I walk for a while through woods and across fields. Game time is matched to real time; in both worlds the sun is starting its slow descent. I spot some electricity pylons and change course to follow them, optimistic they’ll eventually lead to one of the larger towns. I check my inventory, contemplating my empty canteen. I’ve a nagging feeling that I should’ve spent some time in that village, that moving on so quickly could be a decision I’ll come to regret, especially once the nighttime comes.
I spot a building - a kind of large shed - and decide to check it out. My situation is far from desperate but I’m beginning to get anxious nonetheless. Inside I find a double-barrelled shotgun and some slugs. Useful, but I’d been hoping for something edible or drinkable.
I’ve barely got the gun loaded. I spin on my heels, wave it around like a drunk. “Friendly?” comes the text at the bottom of the screen. It’s another player. “Yes,” I reply, but I begin to back away slowly. He does the same. “Seeya,” he says, as he runs out the door.
But running in DayZ isn’t a good idea. It’s loud and it makes you visible over long distances. I move to follow him out, only to find that I’ve been spotted by a zombie, who lurches after me, slashing me across the back. Bleeding profusely, I panic and run, the zombie follows, screaming and growling. We sprint like this for a few minutes until we’re in the middle of nowhere. Finally, I feel confident a gunshot won’t attract anyone’s attention. I blow its brains out.
I bandage myself but I lost a lot of blood and I’m thirsty. I spot a barn in the distance. Now I have no choice, I need to risk it. Perhaps there’s a can of coke in there. Something, anything. I get inside with no incident; I’m pleased for this rare bit of luck. But I get complacent. I’m so obsessed with searching for supplies that I almost miss the guy lying prone in the corner. Is he dead or...? No, he’s standing up.
I’m flustered. “Frenly?” I mistype. I’m holding the shotgun, which apparently he sees either as a threat or a prize, I’ll never know. Regardless, he isn’t ‘frenly’.
Three shots rings out, I fall to the ground. I try to run but I can’t get up. I try to crawl but I pass out.
There’s a final gunshot. It's game over for me.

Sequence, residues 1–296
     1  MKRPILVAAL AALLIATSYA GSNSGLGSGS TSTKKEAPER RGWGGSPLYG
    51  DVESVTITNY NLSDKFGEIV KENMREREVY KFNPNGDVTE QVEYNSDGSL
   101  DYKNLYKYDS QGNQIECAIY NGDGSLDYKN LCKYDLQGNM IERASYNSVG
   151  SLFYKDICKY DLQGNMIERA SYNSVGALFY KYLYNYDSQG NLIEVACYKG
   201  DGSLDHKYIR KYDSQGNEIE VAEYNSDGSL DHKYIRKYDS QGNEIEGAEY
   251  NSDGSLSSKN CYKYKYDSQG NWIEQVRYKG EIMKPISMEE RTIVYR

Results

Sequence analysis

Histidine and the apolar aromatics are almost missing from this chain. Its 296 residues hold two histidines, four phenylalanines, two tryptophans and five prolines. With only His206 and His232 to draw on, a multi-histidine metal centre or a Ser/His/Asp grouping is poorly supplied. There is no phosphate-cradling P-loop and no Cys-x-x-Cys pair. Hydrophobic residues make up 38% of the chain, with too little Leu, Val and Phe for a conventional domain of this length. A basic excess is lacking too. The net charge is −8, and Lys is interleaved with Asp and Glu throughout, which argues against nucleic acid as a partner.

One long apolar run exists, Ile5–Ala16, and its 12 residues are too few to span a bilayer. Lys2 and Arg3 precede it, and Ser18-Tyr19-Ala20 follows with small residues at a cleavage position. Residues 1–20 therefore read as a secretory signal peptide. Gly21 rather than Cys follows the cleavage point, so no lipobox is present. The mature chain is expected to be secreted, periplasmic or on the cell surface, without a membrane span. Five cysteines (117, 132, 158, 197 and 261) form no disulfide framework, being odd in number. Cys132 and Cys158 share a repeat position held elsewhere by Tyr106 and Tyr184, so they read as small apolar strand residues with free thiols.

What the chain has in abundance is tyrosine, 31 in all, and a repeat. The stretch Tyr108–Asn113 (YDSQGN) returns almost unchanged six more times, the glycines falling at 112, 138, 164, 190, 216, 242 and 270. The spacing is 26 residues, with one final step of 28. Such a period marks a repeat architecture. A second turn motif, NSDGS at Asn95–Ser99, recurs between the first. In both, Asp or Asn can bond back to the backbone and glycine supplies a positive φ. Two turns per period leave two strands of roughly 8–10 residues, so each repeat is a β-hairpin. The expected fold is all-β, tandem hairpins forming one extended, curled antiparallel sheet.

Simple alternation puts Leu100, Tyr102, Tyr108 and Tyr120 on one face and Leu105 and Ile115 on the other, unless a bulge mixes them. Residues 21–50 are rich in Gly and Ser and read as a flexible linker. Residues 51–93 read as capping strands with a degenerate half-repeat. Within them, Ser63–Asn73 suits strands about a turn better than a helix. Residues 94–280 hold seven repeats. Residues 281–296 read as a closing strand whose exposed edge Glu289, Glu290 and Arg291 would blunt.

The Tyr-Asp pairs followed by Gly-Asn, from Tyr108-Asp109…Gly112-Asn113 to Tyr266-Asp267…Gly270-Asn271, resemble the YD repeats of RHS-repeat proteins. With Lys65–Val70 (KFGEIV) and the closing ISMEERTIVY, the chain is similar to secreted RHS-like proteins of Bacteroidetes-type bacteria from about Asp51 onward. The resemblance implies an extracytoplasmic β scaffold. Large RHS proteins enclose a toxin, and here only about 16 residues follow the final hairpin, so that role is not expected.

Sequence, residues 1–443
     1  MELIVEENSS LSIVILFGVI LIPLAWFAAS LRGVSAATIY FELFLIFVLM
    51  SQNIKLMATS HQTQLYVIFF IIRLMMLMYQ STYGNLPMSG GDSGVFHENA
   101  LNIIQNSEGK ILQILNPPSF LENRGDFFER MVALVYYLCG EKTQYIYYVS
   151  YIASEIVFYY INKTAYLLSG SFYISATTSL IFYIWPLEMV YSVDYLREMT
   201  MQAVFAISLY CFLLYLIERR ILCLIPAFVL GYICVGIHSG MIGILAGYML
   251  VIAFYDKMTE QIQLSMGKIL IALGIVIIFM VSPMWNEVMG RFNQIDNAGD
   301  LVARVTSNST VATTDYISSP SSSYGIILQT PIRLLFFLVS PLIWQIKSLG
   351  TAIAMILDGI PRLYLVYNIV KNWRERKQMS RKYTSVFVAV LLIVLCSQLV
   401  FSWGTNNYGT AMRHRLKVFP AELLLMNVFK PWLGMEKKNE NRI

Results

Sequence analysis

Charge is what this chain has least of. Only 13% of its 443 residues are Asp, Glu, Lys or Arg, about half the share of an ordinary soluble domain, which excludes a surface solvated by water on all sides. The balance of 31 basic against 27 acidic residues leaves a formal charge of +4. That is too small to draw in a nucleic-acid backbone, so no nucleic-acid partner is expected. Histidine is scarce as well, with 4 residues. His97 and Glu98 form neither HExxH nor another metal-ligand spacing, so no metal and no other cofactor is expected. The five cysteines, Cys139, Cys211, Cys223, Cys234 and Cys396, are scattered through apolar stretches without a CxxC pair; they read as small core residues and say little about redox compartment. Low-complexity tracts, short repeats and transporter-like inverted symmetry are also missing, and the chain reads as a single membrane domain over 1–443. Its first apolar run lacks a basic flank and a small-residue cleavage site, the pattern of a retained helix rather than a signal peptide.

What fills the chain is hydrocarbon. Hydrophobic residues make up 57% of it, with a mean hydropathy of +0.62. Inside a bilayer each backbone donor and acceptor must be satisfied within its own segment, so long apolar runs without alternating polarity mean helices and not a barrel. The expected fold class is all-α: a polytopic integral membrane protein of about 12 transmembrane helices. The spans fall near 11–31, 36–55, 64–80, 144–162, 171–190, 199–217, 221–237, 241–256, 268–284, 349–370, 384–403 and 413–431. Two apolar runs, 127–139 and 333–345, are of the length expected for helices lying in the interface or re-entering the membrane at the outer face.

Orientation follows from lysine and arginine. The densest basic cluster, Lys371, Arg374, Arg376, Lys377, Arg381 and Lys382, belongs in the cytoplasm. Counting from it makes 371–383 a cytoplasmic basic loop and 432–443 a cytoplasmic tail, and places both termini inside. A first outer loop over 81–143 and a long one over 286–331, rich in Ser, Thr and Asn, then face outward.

That was a fairly accurate portrayal of an early experience I had in Chernarus, the 225km2 map chosen by Dean ‘Rocket’ Hall to fall foul of a zombie outbreak in DayZ, an ARMA 2: Operation Arrowhead modification.
One of the first things a new player will notice is the seamless blend of elements from hugely diverse genres. It’s ostensibly a shooter, but it requires close attention to the environment, a dedication to stealthing around, and considerable patience. It is part sandbox, part roguelike, part ‘emergent narrative experience’ (Yes, I hate that phrase as much as you, but it’s accurate in this case).
The map is enormous. Most servers host around fifty human players and hundreds of computer controlled zombies. Join a game, and you’ll spawn somewhere along Chernarus’ coastline. A message will briefly inform you of the name of the nearest town to you, but after that you’re on your own. You’ll start with no navigational tools at all, so if you want to find your way around you’ll need to rely on a map from the internet, the sun and your wits.
DayZ is persistent, which means that you can take your character from server to server, so long as they are alive. When you die, you lose everything and will need to start from scratch. Like the Tamagotchis of the 90s, your character needs a good deal of care to survive, and the more effort you put in, the more attached you get. Losing the items you’ve struggled so hard for, losing the character you’ve struggled so hard for, can be crushing.
Accumulating stuff - looting - isn’t about gathering arbitrary collectibles, it’s about seeking out the items crucial to surviving in an unforgiving environment. You’ll need food, water and weaponry as a minimum, but there’s far more than that available. You can find vehicle parts that you can use to repair broken down cars, motorbikes and even helicopters. If you’re hurt, you’ll need painkillers, morphine shots or antibiotics; to navigate you’ll want a compass, map and perhaps a watch (the wiki had a guide on how to find north using just an hour hand and the sun!); and ideally you’ll get hold of the tools you’ll need for hunting, killing and eating wild animals.